“I must say that the private visit to Ness of Brodgar excavations with the site director was the highlight of an extremely good and interesting trip. Nick gave us twice the time at the Ness of Brodgar than we were promised…. This sort of interaction with first-rate archaeologists doing the actual work on (in) the ground, plus clear and insightful expert commentary derived from first-hand experience as seen through expert eyes, and the uniformly kind and welcoming attitudes and smiles from the folks working on site, is what distinguishes Far Horizons trips from the sterile hasty “tours” and uninformed gallivanting that other agencies provide. It doesn’t get any better than this, and I am looking forward to further experiences with Far Horizons!” – Wythe Holt
Brian Buchanan received a double BA in both anthropology and history from Millersville University (in Pennsylvania); his MA in Public Anthropology from the American University; a Post-Baccalaureate Certificate in GIS (Geographic Information Systems) a computer system designed to capture, store, manipulate, analyze, manage, and present all types of geographical data; and his PhD in Archaeology at the University of Durham. A specialist in Medieval Archaeology, he is Chairperson for Durham Medieval Archaeologists. Dr. Buchanan has worked on archaeological projects both in the USA and the UK, and since entering Durham University, has lectured in a variety of courses, primarily in GIS and Early Medieval archaeology. His enthusiasm about archaeology and history is contagious and his knowledge of the area makes him an exceptional leader.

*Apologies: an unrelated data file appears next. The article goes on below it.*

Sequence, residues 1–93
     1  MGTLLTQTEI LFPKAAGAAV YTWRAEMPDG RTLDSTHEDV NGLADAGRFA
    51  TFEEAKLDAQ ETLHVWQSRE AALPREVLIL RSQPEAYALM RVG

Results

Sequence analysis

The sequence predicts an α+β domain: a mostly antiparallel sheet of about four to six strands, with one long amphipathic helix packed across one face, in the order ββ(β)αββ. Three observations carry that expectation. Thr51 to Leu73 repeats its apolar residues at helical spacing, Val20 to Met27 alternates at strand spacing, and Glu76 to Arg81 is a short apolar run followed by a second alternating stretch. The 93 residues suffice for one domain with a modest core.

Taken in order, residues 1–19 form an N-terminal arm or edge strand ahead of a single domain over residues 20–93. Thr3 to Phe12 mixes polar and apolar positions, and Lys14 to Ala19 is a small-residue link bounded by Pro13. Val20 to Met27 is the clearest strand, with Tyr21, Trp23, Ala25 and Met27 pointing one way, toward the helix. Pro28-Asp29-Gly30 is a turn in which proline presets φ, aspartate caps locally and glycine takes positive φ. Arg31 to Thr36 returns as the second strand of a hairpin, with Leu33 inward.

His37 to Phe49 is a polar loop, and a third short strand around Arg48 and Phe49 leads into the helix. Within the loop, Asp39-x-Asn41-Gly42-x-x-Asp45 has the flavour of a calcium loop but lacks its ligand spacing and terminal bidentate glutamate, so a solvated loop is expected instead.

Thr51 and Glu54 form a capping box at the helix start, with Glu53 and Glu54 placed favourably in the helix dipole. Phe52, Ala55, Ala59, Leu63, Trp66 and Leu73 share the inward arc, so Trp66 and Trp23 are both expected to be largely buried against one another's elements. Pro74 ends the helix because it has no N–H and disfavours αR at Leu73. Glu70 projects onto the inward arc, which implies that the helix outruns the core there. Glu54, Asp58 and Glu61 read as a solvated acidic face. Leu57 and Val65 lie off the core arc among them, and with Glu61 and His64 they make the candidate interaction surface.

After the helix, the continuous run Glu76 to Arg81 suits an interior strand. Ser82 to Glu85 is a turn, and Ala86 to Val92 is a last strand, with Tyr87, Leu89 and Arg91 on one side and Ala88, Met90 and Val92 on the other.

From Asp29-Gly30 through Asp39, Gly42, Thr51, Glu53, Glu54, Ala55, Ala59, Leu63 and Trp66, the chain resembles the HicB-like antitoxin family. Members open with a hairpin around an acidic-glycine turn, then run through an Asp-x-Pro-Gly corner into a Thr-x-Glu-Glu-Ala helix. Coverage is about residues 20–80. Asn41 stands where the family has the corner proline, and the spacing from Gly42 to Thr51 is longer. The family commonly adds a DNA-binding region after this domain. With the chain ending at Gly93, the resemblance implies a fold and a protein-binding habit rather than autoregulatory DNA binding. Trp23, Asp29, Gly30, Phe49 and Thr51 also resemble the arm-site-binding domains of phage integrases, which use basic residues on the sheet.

(B) breakfast, (L) lunch, (D) dinner
*This itinerary is currently being revised*
Day 2: Arrive early this morning into Glasgow. After lunch in a traditional pub, visit the Hunterian Museum, housed within the University of Glasgow and the oldest museum in Scotland. Housed within the museum is a collection of impressive monumental sculpture and other Roman artefacts from excavations along the line of the Antonine Wall, including richly sculptured distance slabs, unique to the frontiers of the Roman Empire. Govan Old Church to see the unique collection of early medieval stones carved in the 9th through 11th centuries to commemorate the power of those who ruled the Kingdom of Strathclyde. These monuments include beautifully carved crosses and cross shafts, and magnificent hogback stones, recumbent and generally with a curved (‘hogbacked’) ridge. The Goven Sarcophagus is the only one of its kind carved from solid stone from pre-Norman, northern Britain. Dinner will be in one of Glasgow’s fine restaurants. Overnight for one night in Glasgow. (D)